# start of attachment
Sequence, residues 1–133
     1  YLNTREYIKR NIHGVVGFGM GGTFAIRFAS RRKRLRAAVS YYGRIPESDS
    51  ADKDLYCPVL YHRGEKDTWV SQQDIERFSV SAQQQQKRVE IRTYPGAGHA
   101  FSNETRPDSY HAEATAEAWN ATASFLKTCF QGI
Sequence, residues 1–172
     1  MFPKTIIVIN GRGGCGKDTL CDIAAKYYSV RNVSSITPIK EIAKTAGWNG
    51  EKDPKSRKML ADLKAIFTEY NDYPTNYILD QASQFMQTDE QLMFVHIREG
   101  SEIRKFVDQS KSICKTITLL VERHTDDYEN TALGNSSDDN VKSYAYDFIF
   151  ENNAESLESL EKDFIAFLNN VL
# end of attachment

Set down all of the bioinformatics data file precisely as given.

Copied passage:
Sequence, residues 1–133
     1  YLNTREYIKR NIHGVVGFGM GGTFAIRFAS RRKRLRAAVS YYGRIPESDS
    51  ADKDLYCPVL YHRGEKDTWV SQQDIERFSV SAQQQQKRVE IRTYPGAGHA
   101  FSNETRPDSY HAEATAEAWN ATASFLKTCF QGI
Sequence, residues 1–172
     1  MFPKTIIVIN GRGGCGKDTL CDIAAKYYSV RNVSSITPIK EIAKTAGWNG
    51  EKDPKSRKML ADLKAIFTEY NDYPTNYILD QASQFMQTDE QLMFVHIREG
   101  SEIRKFVDQS KSICKTITLL VERHTDDYEN TALGNSSDDN VKSYAYDFIF
   151  ENNAESLESL EKDFIAFLNN VL